The Hobbit: The Battle Of The Five Armies, the final installment in everyone’s favorite-by-default prequel trilogy, doesn’t hit theaters until December 17. So in the meantime, fans of Peter Jackson’s Middle Earth epics must be content to entertain themselves with The Hobbit: The Battle Of The Five Lawyers. It’s a tale in which a coterie of brave legal experts fought a greedy, massive, reptilian creature who sleeps nightly on a gleaming pile of ill-gotten treasure—former Miramax head Harvey Weinstein.
The battle began in the ancient mists of legend, when as The Silmarillion tells us, Harvey Weinstein (and his brother and business partner Bob Weinstein) attempted to enslave Hollywood with a series of brutal Oscar campaigns that crowned undeserving wretches like Shakespeare In Love, and did throw the kingdoms of men into despair and disarray. While the Weinsteins were eventually defeated, forced to flee their kingdom by the unforgiving mouse lords of Mt. Disney, they planted the seeds of future strife in what at first appeared to be a gift: the movie rights to J.R.R. Tolkein’s The Hobbit, which were sold to New Line Cinema in what seemed to be a sweetheart deal.
But the deal was poisoned. A clause in the deal gave the Weinsteins a share of the profits in a movie to be made from the book. When New Line was conquered and ruled over by the Brothers Warner, The Hobbit was split asunder, smashed forever into three bloated, lucrative installments. The Weinsteins claimed they now owned a share of all three fragments of the original deal, and a share of the piles of gold produced by each.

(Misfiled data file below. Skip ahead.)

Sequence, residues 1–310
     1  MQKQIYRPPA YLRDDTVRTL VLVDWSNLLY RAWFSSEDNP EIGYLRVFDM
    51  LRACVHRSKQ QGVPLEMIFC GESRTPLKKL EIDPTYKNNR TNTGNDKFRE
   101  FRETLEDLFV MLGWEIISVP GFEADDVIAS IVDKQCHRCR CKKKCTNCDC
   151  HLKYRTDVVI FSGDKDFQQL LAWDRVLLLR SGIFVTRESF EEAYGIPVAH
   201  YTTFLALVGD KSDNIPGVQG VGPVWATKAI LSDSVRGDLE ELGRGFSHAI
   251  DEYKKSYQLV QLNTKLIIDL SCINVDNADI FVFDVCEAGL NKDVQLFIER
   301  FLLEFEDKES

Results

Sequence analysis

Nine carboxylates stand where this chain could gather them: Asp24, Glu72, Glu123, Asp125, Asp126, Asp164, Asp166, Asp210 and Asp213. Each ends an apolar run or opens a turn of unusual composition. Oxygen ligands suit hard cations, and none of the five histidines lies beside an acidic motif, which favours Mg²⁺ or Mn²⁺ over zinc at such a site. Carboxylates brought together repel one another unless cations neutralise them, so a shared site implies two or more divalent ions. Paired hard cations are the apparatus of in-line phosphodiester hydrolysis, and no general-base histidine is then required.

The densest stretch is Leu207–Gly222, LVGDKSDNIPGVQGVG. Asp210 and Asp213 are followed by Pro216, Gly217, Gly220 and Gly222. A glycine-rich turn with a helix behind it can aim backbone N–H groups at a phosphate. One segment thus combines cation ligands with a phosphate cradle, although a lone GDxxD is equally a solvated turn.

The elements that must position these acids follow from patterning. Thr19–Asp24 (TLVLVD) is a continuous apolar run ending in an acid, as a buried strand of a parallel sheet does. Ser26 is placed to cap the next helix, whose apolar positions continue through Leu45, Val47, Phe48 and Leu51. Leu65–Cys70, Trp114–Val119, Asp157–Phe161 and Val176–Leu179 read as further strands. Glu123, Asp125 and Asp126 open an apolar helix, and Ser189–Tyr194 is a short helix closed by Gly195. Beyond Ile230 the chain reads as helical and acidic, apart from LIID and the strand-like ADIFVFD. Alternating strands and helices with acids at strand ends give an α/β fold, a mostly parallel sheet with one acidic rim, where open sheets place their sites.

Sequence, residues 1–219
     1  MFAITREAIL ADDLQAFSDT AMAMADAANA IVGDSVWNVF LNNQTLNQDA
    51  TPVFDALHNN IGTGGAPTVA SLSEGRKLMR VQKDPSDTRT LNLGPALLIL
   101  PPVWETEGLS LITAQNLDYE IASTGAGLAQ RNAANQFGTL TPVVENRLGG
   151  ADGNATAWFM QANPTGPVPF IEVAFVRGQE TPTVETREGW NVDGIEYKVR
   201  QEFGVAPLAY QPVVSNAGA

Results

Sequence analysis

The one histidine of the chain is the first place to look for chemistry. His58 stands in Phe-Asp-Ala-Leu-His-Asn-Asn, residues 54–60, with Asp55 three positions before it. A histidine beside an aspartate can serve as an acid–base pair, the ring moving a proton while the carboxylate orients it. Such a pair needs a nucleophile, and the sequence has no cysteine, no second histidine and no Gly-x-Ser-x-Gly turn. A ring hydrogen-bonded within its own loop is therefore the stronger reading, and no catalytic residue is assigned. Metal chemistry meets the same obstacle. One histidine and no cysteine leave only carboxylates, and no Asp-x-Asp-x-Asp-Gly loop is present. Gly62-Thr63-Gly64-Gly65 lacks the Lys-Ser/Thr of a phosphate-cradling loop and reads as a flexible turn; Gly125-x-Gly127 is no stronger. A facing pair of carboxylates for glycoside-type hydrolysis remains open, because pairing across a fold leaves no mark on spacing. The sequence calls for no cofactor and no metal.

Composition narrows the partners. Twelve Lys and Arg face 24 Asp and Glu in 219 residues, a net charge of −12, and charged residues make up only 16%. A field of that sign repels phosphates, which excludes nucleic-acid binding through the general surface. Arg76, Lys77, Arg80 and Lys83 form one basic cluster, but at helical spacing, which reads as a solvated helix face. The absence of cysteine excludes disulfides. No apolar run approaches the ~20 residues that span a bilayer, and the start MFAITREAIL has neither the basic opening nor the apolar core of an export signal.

Fortunately, the dark, enchanted forests of Holly-wood are watched over by an ancient group of wise, powerful wizards, who occasionally take action to prevent the Weinstein’s greed from enveloping all the land. One such wizened figure, former New York State Supreme Court Justice Bernard Fried, may his beard grow ever longer, acted as arbiter in the matter, shouting, “You shall not pass!” to the creature of smoke and fire that once bankrolled the likes of Reservoir Dogs and Chungking Express, and determined that the Weinstein’s greed would have to be sated with 2.5 percent of the first dollar gross from The Hobbit: An Unexpected Journey and no more.
The Weinsteins have been defeated for now. But they lurk, waiting for another loophole to exploit, and another share of the gross to devour. At least until some hero can rise, and throw the original print of Sex, Lies, And Videotape into the fires of Mt. Doom, finally destroying the Miramax brand forever. As for the shattered fragments of The Hobbit, they remain asunder, but it is prophesied that one day, a master craftsman, using the mighty forge of FinalCut Pro, will assemble them into one, streamlined Hobbit movie, which will be held aloft from the highest peak of YouTube, and rejoicing will fill the land.